Although the human genome has ancient fragments of Neanderthal DNA, researchers of a new study have not found evidence of the Neanderthal genes in modern males' Y chromosomes backing up theories that the male offspring of Neanderthals and Homo sapiens may have faced more challenges than their female counterparts. Earlier studies have sequenced mitochondrial DNA, which is passed to children from their mother, from fossils of Neanderthal women. The new study, which was published in The American Journal of Human Genetics on April 7, is the first to examine Neanderthal Y chromosome, which is passed exclusively from father to son. The researchers are not sure if the disappearance of the Y chromosome happened by chance or if it occurred by evolutionary circumstances but they think that genes in the Neanderthal's Y chromosome may not have been compatible with human genes. "The functional nature of the mutations we found suggests to us that Neanderthal Y chromosome sequences may have played a role in barriers to gene flow, but we need to do experiments to demonstrate this and are working to plan these now," said study researcher Carlos Bustamante, Stanford's School of Medicine. Study researcher Fernando Mendez, also from Stanford, explained that a woman's immune system may attack a male fetus that carries Neanderthal H-Y genes, minor histocompatibility antigens that resemble the HLA antigens that transplant surgeons have to check to ensure that the organ donor and recipient have similar immune profiles. The absence of the Neanderthal Y chromosomes could be attributed to women consistently miscarrying male babies that carry it. Although this is an unproven idea, modern women's immune system sometimes reacts to male offspring when there is genetic incompatibility. For instance, a mutation in the KDM5D gene, which plays a role in suppressing cancer, has earlier been linked to greater risk of miscarriage because it can elicit immune response in pregnant women. "We identify protein-coding differences between Neanderthal and modern human Y chromosomes, including potentially damaging changes to PCDH11Y, TMSB4Y, USP9Y, and KDM5D. Three of these changes are missense mutations in genes that produce male-specific minor histocompatibility (H-Y) antigens," the researchers wrote in their study. "It is possible that incompatibilities at one or more of these genes played a role in the reproductive isolation of the two groups." The analysis also allowed researchers to identify when the Neanderthals and Homo sapiens split, which is around 590,000 years ago. © 2016 Tech Times, All rights reserved. Do not reproduce without permission.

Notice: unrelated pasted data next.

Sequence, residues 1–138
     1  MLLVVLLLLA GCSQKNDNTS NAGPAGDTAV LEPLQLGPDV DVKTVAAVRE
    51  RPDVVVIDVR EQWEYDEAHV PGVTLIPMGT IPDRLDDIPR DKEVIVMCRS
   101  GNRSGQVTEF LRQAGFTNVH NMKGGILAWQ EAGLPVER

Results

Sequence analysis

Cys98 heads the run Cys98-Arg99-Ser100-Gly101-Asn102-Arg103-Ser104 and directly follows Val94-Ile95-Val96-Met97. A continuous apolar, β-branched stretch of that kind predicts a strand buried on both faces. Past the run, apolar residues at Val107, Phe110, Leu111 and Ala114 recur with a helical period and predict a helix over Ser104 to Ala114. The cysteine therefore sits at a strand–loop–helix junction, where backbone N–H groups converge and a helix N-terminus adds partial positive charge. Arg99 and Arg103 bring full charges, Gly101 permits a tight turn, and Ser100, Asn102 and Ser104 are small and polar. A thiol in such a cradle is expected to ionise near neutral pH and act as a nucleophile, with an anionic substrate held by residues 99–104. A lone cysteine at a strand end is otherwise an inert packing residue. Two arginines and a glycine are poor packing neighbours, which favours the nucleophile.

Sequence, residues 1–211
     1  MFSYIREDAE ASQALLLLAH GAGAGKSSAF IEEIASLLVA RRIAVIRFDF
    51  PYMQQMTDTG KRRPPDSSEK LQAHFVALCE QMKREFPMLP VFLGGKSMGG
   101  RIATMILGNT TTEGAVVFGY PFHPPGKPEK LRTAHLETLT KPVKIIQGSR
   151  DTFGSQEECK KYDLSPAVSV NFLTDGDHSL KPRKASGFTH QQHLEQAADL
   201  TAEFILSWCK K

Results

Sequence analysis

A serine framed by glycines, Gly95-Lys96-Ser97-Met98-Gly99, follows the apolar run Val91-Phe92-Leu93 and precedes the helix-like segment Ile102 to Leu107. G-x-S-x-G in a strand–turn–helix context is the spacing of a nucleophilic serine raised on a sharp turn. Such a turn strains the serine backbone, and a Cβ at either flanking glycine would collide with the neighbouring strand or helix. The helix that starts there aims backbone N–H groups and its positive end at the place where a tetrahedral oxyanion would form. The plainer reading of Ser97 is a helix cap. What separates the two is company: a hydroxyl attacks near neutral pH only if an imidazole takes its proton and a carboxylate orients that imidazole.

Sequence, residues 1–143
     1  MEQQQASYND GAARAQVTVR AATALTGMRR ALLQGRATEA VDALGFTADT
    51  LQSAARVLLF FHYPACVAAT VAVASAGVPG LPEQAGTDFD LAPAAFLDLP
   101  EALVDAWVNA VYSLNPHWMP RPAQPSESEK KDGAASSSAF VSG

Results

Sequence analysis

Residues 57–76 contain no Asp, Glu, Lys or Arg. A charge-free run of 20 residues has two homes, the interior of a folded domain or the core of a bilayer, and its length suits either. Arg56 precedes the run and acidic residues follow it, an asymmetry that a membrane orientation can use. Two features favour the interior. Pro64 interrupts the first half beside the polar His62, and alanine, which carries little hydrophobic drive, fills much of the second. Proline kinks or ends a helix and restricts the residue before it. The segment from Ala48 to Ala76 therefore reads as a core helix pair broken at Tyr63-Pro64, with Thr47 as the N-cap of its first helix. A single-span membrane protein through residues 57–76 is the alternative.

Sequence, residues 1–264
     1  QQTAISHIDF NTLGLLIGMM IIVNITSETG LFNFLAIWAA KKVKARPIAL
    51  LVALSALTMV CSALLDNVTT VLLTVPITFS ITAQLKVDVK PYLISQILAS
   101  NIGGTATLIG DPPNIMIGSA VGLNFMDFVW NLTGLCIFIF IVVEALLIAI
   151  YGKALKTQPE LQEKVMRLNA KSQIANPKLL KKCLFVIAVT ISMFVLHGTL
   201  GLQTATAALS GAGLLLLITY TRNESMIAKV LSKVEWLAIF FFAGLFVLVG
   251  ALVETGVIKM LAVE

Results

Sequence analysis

In India, the concepts of Ayurvedic medicine are first laid out in sacred texts known as the Vedas. The goal of the medicine is to maintain balance between body, mind and spirit. Treatments are tailored to each person's prakriti, or constitution. Hippocrates establishes the scientific practice of medicine in Greece. He believes everyone has four humours — blood, phlegm, and black and yellow bile — and treats people as individuals of unique age and health status. The 'father of taxonomy', Carl Linnaeus, catalogues diseases based on symptoms into groups such as 'feverish' or 'painful'. This does not always lead to better treatments. “The true sanctuary of medical science is in a laboratory,” writes French physiologist Claude Bernard in his Introduction to the Study of Experimental Medicine. Aided by a new understanding of bacteriology, and emerging technologies such as the blood-pressure cuff and X-rays, scientists start to develop better treatments. Doctors focus on assessing symptoms, taking shorter medical histories, and quickly categorizing patients according to their diagnosis. US physicians use arsenic, in Fowler's solution, to improve white-blood-cell counts in a subset of leukaemia patients. It does not help most patients, and can have side effects such as liver disease, but becomes the standard treatment. In his influential textbook The Principles and Practice of Medicine, Canadian physician and pathologist William Osler (pictured) writes: “If it were not for the great variability among individuals medicine might as well be a science and not an art.” Three European botanists — Hugo DeVries, Carl Correns and Erich von Tschermak — work out the laws of genetic inheritance, by using flowering plants, maize (corn) and peas. They realize that Gregor Mendel reported the same laws in 1865, although his publication had largely been ignored. This time, the scientific community takes notice. London physician Archibald Garrod studies alkaptonuria, which causes dark urine. It arises in siblings, and he links it to Mendel's laws of heredity, the cause being genetic variation in metabolism: “Just as no two individuals of a species are absolutely identical in bodily structure neither are their chemical processes carried out on exactly the same lines” ( Lancet 2, 1616–1620; 1902). Reuben Ottenberg of Mount Sinai Hospital in New York becomes the first to record testing a patient and donor for matching blood type before a transfusion. The practice makes transfusions safer, although it will be decades until this becomes common practice. Arthur Fox of DuPont Laboratories allows phenylthiocarbamide (PTC) powder to drift around his lab. A colleague complains of a bitter taste, which Fox cannot detect ( Proc. Natl Acad. Sci. USA 18, 115–120; 1932). Geneticist Laurence Snyder finds that PTC “taste blindness” is recessively inherited, indicating a genetic origin for responses to chemicals ( Ohio J. Sci. 32, 436–440; 1932). US geneticist Arno Motulsky proposes that inherited traits explain why people react differently to medications. As the use of medicines grows in the 1950s, adverse reactions are more common. Variation in the enzyme glucose-6-phosphate dehydrogenase explains sensitivity to the antimalarial primaquine, for example, and a prolonged response to succinylcholine, used in anaesthesia, results from pseudocholinesterase deficiency. Later, Friedrich Vogel coins the term 'pharmacogenetics'. US researchers initiate a gene-therapy trial in two girls with severe combined immunodeficiency (SCID) by inserting a functional adenosine deaminase gene into their blood cells. Both girls develop stronger immune systems. The US Food and Drug Administration (FDA) approves the first matched drug and diagnostic test: trastuzumab for breast-cancer patients whose tumours overexpress the HER2 protein. This is the first major application of precision medicine to fight a type of cancer. Scientists discover why 1 in 20 patients with HIV (pictured) are sensitive to the reverse transcriptase inhibitor abacavir. Certain HLA types — the protein markers that allow the immune system to distinguish self cells from foreign invaders, and that are used to match organ transplants — predict who will respond badly ( et al. Lancet 359, 727–732; 2002, and et al. Lancet 359, 1121–1122; 2002). A large clinical trial shows that genotyping patients eliminates hypersensitivity reactions ( et al. N. Engl. J. Med. 358, 568–579; 2008). After 13 years of effort, and at a cost of around US$3 billion, scientists collaborating across 6 nations complete the Human Genome Project, producing a sequence of human chromosomes encompassing more than 20,000 genes from the DNA of several volunteers. Roche Diagnostics' AmpliChip CYP450 test — a microarray that classifies patients according to their cytochrome P450 (CYP) enzymes — is approved in both the United States and Europe. These enzymes are known to partly determine how a person metabolizes and reacts to medications. The test can help doctors to select the right drug and dosage for medications such as antipsychotics and cancer treatments. However, the high cost — frequently upwards of $1,000 — means it is not widely used. The FDA approves a genetic test to improve the prescription of warfarin, a blood-thinning drug that 2 million US people start taking every year. Responses to the drug vary widely, and taking the wrong dose risks blood clots or excessive bleeding. The test checks two gene variants that encode CYP2C9 and VKORC1, the latter of which is the enzyme targeted by the drug that affects blood clotting. The FDA updates the labels on warfarin, explaining that genetics partly determines an individual's response to the drug. Massachusetts General Hospital says it will be the first clinic to profile tumour genes for all cancer patients. It will check 13 genes for 110 mutations that predict which drugs will be most effective. The cost is about $2,000, and if insurers won't pay, the hospital or its patients may have to. UK Prime Minister David Cameron launches the 100,000 Genomes Project to read the DNA of people with cancer or rare diseases and their families. Other large-scale sequencing projects also try to advance precision medicine into the clinic. In 2015, US President Barack Obama outlines the Precision Medicine Initiative, a $215-million project to study the genomes and health status of 1 million volunteers and develop the required databases and privacy standards. In early 2016, China reveals plans to sequence genomes and connect them with clinical data. US biotech company Illumina announces a system capable of sequencing a genome for only $1,000. However, the $10-million initial cost of the ten-instrument arrangement effectively limits its use to institutions that do high-volume sequencing.